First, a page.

BME103 s2013:T900 Group2 L3

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Revision as of 23:51, 15 April 2013

BME 103 Spring 2013 Home
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Lab Write-Up 1
Lab Write-Up 2
Lab Write-Up 3
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Contents

OUR TEAM

Name: Joe SansoneRole(R&D Scientist)
Name: Joe Sansone
Role(R&D Scientist)
[[Image:Image:photo(3).jpg|thumb|Name: Shang Ruan
Role(PCR Machine Engineer)]]
Name: Student
Name: Student

Role(s)]]
Name: StudentRole(s)
Name: Student
Role(s)
Name: StudentRole(s)
Name: Student
Role(s)

LAB 3 WRITE-UP

Original System: PCR Results

PCR Test Results

Sample Name Ave. INTDEN* Calculated μg/mL Conclusion (pos/neg)
Positive Control --- --- N/A
Negative Control --- --- N/A
Tube Label:___ Patient ID: ____ rep 1 --- --- ---
Tube Label:___ Patient ID: ____ rep 2 --- --- ---
Tube Label:___ Patient ID: ____ rep 3 --- --- ---
Tube Label:___ Patient ID: ____ rep 1 --- --- ---
Tube Label:___ Patient ID: ____ rep 2 --- --- ---
Tube Label:___ Patient ID: ____ rep 3 --- --- ---

* Ave. INTDEN = Average of ImageJ integrated density values from three Fluorimeter images


Bayesian Statistics
These following conditional statistics are based upon all of the DNA detection system results that were obtained in the PCR lab for 20 hypothetical patients who were diagnosed as either having cancer or not having cancer.

Bayes Theorem equation: P(A|B) = P(B|A) * P(A) / P(B)


Calculation 1: The probability that the sample actually has the cancer DNA sequence, given a positive diagnostic signal.

  • A = [text description] = [frequency shown as a fraction] = [final numerical value]
  • B = [text description] = [frequency shown as a fraction] = [final numerical value]
  • P (B|A) = [text description] = [frequency shown as a fraction] = [final numerical value]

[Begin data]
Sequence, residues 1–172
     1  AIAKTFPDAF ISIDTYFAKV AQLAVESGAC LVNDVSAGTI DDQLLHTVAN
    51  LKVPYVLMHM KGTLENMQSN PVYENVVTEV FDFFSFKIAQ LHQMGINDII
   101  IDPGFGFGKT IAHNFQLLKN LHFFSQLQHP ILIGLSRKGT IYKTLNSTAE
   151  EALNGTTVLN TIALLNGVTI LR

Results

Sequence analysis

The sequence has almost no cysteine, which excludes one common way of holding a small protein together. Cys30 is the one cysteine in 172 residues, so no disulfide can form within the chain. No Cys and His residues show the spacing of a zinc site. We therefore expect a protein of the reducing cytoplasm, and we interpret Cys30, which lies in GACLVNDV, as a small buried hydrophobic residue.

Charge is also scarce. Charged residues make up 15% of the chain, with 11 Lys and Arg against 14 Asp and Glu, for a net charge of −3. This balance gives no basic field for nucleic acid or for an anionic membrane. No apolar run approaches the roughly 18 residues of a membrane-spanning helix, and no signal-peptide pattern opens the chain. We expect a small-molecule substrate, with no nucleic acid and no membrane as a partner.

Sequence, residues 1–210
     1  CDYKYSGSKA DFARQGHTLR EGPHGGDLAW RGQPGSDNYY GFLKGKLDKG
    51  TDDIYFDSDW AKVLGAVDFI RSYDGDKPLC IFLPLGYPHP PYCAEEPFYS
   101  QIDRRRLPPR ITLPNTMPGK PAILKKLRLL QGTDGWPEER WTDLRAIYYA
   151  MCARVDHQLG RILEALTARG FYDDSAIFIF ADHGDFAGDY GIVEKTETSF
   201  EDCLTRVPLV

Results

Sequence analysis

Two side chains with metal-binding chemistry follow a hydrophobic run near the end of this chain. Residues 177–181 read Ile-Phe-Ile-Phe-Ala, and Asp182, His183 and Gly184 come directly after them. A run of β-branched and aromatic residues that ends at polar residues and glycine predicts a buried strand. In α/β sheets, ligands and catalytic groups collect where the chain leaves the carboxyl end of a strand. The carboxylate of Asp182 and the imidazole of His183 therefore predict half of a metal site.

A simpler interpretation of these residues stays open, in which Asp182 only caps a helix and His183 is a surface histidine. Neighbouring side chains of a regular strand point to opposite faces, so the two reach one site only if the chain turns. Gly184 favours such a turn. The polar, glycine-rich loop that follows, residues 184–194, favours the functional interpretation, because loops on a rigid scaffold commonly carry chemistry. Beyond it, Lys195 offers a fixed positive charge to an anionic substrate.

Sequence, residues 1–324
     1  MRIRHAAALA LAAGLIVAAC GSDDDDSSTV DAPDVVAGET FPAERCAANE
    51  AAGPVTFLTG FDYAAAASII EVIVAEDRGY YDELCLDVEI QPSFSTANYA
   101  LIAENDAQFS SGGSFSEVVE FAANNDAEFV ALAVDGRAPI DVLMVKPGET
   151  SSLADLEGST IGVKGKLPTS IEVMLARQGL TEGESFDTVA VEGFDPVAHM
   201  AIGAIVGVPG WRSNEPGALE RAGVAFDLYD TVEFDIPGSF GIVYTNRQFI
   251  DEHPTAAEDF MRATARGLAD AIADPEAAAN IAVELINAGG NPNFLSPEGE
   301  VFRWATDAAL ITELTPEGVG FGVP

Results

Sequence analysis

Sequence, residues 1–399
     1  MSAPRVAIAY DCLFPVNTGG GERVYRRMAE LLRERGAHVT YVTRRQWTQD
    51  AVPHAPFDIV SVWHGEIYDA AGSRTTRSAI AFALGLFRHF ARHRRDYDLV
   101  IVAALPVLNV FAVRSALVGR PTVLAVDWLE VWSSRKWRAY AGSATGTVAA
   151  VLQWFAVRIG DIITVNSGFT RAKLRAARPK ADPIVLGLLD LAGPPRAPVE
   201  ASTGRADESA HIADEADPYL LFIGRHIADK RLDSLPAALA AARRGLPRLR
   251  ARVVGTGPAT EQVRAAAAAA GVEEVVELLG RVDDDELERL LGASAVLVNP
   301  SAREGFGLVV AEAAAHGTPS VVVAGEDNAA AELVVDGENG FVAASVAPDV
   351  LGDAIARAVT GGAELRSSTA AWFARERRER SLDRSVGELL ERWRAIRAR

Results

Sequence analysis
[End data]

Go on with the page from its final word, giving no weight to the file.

• P(A|B) = [answer]



Calculation 3: The probability that the patient will develop cancer, given a cancer DNA sequence.

  • A = [text description] = [frequency shown as a fraction] = [final numerical value]
  • B = [text description] = [frequency shown as a fraction] = [final numerical value]
  • P (B|A) = [text description] = [frequency shown as a fraction] = [final numerical value]
  • P(A|B) = [answer]



New System: Design Strategy

We concluded that a good system Must Have:

  • [Must have #1 - why? short, ~4 or 5 sentences]
  • [Must have #2 - why? short, ~4 or 5 sentences]


We concluded that we would Want a good system to have:

  • [Want #1 - why? short, ~4 or 5 sentences]
  • [Want #2 - why? short, ~4 or 5 sentences]


We concluded that a good system Must Not Have:

  • [Must Not Have #1 - why? short, ~4 or 5 sentences]
  • [Must Not Have #2 - why? short, ~4 or 5 sentences]


We concluded that a good system Should Avoid:

  • [Should Avoid #1 - why? short, ~4 or 5 sentences]
  • [Should Avoid #2 - why? short, ~4 or 5 sentences]




New System: Machine/ Device Engineering

SYSTEM DESIGN


KEY FEATURES

We chose to include these new features

  • Feature 1 - explanation of how this addresses any of the specifications in the "New System: Design Strategy" section
  • Feature 2 - explanation of how this addresses any of the specifications in the "New System: Design Strategy" section
  • Etc.

[OR]

We chose keep the devices the same as the original system

  • Feature 1 - explanation of how a pre-existing feature addresses any of the specifications in the "New System: Design Strategy" section
  • Feature 2 - explanation of how a pre-existing feature addresses any of the specifications in the "New System: Design Strategy" section
  • Etc.


INSTRUCTIONS





New System: Protocols

DESIGN

We chose to include these new approaches/ features

  • Feature 1 - explanation of how this addresses any of the specifications in the "New System: Design Strategy" section
  • Feature 2 - explanation of how this addresses any of the specifications in the "New System: Design Strategy" section
  • Etc.

[OR]

We chose keep the protocols the same as the original system

  • Feature 1 - explanation of how a pre-existing feature addresses any of the specifications in the "New System: Design Strategy" section